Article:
Money can solve many of life's problems, but a new study shows it won't keep you safe from toxins. Your body accrues chemicals that it can't easily break down from food, plastics, the air, and water. These include lead, arsenic, cadmium, bisphenol-A, oxybenzone, and mercury – all of which have been linked to serious health issues. Researchers looking at a large cross section of Americans found that the people who harbored the most toxins happened to be the poorest...and the richest people in the country.
According to the study, which looked at 10 years of Centers for Disease Control data, poor Americans have more lead, cadmium, and antimony in their bodies, likely due to manufacturing-type jobs, higher smoking rates, poor water quality, and poor diets. High levels of bisphenol-A, an endocrine-disrupting substance used to coat cans, plastic bottles, and other plastic containers were also prevalent in this group.
Meanwhile, the wealthy are full of mercury, arsenic, caesium, and thallium, which the researchers think comes from eating lots of seafood. The group also has higher levels of PFCs, compounds used to line nonstick cookware and present in stain-resistant couches and carpets, and in waterproof clothing that, in high doses, may damage the liver and reproductive system. Another toxin abundant in the wealthy: oxybenzone, the active ingredient in most sunscreens on the market, which, in high enough quantities, may pose a cancer risk.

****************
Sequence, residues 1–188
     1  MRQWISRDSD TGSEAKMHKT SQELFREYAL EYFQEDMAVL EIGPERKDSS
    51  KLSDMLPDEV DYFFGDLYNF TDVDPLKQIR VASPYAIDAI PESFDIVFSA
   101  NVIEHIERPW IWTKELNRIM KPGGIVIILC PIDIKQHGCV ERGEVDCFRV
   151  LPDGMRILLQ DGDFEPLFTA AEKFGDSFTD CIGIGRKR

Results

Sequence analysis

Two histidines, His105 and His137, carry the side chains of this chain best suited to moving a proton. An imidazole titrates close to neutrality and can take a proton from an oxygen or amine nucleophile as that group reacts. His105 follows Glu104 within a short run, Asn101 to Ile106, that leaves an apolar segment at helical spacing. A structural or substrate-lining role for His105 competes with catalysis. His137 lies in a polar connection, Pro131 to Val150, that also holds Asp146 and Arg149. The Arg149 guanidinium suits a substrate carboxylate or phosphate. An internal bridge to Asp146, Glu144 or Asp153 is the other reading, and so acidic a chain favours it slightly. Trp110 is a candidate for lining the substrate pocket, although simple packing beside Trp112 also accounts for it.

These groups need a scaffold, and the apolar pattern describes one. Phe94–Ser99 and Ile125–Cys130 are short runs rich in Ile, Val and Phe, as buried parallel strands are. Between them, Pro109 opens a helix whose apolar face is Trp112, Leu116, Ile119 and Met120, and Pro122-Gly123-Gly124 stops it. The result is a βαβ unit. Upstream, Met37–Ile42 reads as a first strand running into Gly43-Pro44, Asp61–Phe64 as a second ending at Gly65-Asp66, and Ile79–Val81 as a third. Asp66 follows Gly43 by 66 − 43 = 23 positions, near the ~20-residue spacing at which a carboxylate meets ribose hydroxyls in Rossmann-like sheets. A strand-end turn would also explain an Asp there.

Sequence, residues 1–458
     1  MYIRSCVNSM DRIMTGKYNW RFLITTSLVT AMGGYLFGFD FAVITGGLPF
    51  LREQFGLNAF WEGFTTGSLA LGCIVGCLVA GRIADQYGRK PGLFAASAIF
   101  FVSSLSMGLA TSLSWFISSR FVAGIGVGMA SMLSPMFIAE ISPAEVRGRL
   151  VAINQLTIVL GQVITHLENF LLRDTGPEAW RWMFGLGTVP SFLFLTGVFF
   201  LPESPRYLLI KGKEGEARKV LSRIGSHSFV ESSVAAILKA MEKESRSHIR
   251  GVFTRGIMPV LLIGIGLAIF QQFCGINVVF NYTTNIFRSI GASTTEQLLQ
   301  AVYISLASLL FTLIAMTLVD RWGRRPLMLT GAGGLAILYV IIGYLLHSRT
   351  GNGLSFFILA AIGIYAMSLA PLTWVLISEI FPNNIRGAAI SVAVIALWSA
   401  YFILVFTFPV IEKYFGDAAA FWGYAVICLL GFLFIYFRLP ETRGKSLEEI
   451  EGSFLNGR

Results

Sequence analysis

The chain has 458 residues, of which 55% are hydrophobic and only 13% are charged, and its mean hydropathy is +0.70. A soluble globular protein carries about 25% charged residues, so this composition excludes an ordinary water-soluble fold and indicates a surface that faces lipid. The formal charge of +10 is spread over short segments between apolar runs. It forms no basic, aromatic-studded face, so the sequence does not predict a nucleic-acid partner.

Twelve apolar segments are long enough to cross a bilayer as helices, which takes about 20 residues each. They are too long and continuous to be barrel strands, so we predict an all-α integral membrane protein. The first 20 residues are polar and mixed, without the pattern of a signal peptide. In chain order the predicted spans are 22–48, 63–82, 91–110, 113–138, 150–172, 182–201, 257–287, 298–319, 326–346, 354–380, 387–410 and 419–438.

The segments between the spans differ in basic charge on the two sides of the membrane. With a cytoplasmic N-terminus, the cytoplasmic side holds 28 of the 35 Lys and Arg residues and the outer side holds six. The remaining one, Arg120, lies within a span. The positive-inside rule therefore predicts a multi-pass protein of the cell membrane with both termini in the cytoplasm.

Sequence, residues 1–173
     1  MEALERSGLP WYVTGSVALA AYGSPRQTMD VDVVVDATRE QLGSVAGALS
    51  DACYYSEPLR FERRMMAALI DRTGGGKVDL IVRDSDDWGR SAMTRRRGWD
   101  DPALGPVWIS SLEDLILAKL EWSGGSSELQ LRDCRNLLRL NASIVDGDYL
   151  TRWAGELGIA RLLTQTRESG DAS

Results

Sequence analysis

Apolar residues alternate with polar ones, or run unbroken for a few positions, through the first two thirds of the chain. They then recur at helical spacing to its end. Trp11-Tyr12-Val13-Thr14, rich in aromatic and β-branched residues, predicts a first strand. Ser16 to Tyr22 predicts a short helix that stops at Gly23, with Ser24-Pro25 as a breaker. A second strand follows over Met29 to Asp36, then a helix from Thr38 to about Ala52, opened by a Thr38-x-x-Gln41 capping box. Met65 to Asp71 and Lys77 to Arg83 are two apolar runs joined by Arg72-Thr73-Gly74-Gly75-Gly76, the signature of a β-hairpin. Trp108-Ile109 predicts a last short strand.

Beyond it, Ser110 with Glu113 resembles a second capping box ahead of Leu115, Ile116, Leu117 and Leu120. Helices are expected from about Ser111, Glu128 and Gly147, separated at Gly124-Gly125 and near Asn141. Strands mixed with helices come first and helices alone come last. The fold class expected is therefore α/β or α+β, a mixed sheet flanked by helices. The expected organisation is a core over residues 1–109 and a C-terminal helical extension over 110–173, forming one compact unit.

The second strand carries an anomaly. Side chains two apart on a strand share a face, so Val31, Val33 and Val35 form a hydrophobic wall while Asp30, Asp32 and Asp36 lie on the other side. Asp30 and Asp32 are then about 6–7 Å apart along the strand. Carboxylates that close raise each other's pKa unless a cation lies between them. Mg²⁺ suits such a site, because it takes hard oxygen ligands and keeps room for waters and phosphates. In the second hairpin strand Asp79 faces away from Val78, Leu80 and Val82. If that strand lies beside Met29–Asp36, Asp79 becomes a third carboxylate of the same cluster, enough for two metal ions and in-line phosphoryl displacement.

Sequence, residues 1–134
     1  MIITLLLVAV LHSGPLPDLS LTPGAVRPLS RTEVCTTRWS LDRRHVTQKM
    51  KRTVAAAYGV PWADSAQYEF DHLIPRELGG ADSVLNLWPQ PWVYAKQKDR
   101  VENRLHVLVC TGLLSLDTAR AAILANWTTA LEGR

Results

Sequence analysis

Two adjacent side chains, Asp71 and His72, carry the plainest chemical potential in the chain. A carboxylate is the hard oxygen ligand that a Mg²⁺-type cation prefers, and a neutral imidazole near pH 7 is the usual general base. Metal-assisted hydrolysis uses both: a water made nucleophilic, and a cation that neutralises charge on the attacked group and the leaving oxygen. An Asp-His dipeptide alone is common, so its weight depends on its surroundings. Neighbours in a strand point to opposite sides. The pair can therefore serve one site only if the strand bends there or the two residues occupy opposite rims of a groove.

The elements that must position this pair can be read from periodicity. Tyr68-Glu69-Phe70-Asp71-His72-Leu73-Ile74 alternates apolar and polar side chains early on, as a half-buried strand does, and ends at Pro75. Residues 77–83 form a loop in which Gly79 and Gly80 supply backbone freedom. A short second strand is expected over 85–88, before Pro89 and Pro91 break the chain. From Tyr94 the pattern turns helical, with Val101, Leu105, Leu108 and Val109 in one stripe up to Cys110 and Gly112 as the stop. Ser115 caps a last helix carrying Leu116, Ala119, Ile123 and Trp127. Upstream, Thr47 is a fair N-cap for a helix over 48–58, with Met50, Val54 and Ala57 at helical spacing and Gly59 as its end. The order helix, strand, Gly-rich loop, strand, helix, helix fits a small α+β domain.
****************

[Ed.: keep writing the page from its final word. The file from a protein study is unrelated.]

Of the 18 toxins the researchers detected in at least three of the socioeconomic groups, cadmium, lead, and mercury are the most troubling, says lead study author Jessica Tyrrell of the European Centre for Environment & Human Health. "Each has been linked to diabetes, cardiovascular disease, and neurotoxicity," she says.
One of the most worrisome things about this toxic exposure: Experts have no clue what health issues the combination of so many different chemicals could cause. "The toxins in your body might vary depending on where you live, what industries operate near your home, and what products you use," says Miriam Rotkin-Ellman, senior scientist at the Natural Resources Defense Council. "But they still create a toxic soup that's really concerning. Individually, a toxin may not act in our bodies, but they can interact in ways we don't even know about."
Tyrrell says it's tough to avoid toxins altogether, especially if you're unable to switch to a less hazardous job or move to a less polluted neighborhood. But even if you can't completely steer clear, you can limit exposure to several types of toxins to minimize your overall load.
Clean your house.
And do so frequently. "Toxins from household products, such as flame retardants in couches and chemicals used in electronics, accumulate in dust, which we then inhale," says Rotkin-Ellman. "Sweep, mop, and vacuum often, especially if you have young kids crawling around." But to limit the level of PFCs in your house in the first place, Rothkin-Ellman suggests skipping stain-resistant coatings for furniture and carpets and going with cast-iron pans instead of nonstick. She also advises taking your shoes off at the door to avoid tracking in outside contaminants such as pesticides and heavy metal–tainted soils.
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